Field1, Field2 – field names of the request;

                Table – some table from which data is selected for use in the main query.

In this example, it is possible and not to explicitly specify the selection fields, since we select all the fields from the TestTable table:

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WITH CTEQuery
 AS
 (
 SELECT * FROM Table
 )
SELECT * FROM CTEQuery

 With the help of CTE, you can optimize the main query if you take out part of the logic in the CTE. The fact is that CTE allows you to create several expressions (queries) at once. So you can split a complex query into several preliminary “views” using the CTE, and then link them in a common query: 

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WITH CTEQuery1 (Field1, Field2) AS
(
 SELECT Field1 AS ID, Field2 FROM Table1
 WHERE Field2 >= 1000
),
CTEQuery2 (Field3, Field4) AS
(
 SELECT Field3 AS ID, Field4 FROM Table2
 WHERE Field4 = 'Москва'
)
 
SELECT * FROM CTEQuery1 INNER JOIN CTEQuery2 ON CTEQuery2.ID = CTEQuery1.ID

 As mentioned above, the main purpose of the CTE is recursion. A typical task for recursion is a tree traversal. So we can build a tree with the help of “with”. The recursive query structure first appeared in SQL Server 2005.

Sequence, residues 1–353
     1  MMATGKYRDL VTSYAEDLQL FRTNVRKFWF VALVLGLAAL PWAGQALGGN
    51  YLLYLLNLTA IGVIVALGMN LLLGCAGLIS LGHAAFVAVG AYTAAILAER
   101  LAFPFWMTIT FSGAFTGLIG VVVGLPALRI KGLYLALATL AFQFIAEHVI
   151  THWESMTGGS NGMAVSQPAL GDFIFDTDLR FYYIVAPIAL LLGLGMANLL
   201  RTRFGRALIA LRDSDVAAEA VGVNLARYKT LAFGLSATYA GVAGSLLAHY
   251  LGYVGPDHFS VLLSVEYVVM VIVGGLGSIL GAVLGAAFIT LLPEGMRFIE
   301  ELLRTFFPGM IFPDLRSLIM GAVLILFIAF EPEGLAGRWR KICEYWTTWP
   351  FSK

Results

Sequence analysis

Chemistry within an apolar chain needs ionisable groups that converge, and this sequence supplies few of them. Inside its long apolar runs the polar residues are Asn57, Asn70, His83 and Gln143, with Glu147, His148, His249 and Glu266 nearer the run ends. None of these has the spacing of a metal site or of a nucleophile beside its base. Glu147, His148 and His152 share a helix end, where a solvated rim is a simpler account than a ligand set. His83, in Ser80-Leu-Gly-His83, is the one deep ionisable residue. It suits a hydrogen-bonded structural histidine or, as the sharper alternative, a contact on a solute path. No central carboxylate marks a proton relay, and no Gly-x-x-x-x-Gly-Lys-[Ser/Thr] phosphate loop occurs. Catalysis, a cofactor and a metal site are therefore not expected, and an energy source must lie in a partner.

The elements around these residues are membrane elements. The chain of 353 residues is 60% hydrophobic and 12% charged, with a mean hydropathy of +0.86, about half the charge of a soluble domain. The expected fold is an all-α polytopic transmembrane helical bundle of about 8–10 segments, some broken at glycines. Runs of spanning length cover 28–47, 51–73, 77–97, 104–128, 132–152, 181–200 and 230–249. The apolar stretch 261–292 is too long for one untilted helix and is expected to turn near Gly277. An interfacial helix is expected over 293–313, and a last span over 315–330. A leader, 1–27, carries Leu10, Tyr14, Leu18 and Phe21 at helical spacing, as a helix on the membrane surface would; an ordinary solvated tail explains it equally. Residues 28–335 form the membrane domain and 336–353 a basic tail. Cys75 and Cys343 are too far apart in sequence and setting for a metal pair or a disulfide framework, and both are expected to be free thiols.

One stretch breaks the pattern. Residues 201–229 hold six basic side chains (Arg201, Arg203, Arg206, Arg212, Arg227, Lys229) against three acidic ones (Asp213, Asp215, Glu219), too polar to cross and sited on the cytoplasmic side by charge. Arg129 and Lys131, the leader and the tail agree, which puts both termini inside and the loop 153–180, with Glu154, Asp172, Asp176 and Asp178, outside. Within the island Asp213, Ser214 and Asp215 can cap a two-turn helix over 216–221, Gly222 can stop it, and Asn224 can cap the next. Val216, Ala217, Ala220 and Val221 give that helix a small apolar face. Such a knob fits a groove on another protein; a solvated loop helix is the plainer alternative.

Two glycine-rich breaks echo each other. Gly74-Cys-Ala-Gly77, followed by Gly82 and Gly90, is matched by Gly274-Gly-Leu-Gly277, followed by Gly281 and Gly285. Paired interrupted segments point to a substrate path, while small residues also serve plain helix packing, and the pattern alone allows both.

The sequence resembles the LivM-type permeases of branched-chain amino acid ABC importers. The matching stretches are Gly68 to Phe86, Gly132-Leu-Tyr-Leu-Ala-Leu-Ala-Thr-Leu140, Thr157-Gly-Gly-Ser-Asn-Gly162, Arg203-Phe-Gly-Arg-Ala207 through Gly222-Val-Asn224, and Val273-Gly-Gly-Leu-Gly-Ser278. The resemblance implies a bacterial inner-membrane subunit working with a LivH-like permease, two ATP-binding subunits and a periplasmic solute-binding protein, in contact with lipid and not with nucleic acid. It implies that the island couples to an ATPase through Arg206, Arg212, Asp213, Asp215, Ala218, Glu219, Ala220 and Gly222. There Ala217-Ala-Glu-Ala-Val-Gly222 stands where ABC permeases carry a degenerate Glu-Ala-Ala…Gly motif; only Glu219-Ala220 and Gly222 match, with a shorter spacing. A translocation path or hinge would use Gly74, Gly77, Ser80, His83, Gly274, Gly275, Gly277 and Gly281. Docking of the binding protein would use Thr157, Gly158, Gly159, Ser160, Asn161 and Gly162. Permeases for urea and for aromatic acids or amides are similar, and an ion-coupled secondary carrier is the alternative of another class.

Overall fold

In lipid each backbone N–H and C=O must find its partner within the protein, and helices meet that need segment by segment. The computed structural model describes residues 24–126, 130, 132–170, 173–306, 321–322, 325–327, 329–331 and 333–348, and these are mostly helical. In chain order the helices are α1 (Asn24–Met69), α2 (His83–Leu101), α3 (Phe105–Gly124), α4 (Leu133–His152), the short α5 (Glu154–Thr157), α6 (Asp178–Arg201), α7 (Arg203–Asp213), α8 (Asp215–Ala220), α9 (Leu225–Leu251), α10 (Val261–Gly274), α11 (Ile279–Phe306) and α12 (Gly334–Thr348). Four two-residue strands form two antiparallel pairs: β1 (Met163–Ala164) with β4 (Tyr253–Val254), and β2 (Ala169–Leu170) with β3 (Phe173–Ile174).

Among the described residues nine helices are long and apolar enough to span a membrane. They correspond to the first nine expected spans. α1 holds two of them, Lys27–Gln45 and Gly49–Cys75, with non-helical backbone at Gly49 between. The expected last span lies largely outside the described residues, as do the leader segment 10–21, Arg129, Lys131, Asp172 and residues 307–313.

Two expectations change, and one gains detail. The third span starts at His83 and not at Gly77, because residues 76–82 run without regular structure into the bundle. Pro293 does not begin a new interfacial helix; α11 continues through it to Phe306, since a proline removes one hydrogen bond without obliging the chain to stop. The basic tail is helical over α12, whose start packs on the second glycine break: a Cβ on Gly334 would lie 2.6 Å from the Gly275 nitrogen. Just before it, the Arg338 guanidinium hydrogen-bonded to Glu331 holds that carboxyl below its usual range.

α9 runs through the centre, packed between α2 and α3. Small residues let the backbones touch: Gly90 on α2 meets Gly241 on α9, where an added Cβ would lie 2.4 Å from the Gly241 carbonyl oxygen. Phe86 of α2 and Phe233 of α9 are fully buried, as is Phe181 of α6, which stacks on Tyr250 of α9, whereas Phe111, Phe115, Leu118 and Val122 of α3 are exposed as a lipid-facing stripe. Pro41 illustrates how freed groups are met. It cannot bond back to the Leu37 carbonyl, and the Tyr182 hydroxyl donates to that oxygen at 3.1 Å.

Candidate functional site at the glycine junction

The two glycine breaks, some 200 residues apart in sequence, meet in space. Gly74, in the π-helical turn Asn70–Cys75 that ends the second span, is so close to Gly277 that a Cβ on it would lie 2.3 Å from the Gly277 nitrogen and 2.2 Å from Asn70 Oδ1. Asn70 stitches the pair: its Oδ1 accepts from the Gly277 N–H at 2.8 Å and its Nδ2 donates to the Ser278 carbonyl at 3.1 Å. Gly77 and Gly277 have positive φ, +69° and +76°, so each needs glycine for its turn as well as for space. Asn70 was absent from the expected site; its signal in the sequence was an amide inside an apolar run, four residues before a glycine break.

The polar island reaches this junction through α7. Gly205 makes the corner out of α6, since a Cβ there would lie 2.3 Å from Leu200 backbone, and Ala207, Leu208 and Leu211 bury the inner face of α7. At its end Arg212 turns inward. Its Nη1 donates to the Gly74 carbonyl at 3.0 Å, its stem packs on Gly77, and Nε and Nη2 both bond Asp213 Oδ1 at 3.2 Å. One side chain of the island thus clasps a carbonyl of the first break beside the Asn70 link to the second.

Take a look at the WITH statement: 

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WITH RecursiveQuery AS
(
 {Anchor}
 UNION ALL
 {Joined TO RecursiveQuery}
)
SELECT * FROM RecursiveQuery

 {Anchor} - anchor, a query that defines the initial element of the tree (hierarchical list). Usually in anchor there is a WHERE clause that defines specific rows of the table.

After UNION ALL, the target table is followed from JOIN to the CTE expression.

{Joined to RecursiveQuery}- SELECT from target table. This is usually the same table used in the anchor. But in this query, it is connected to the CTE expression, forming recursion. The condition of this connection determines the parent-child relationship. It depends on whether you go to the upper levels of the tree or to the lower ones.

Let's look at a recursive query that returns a list of organizational units. Prepare data for this request:

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CREATE TABLE Department
(
ID INT,
ParentID INT,
Name VARCHAR(50)
)
 
INSERT INTO Department ( ID, ParentID, Name )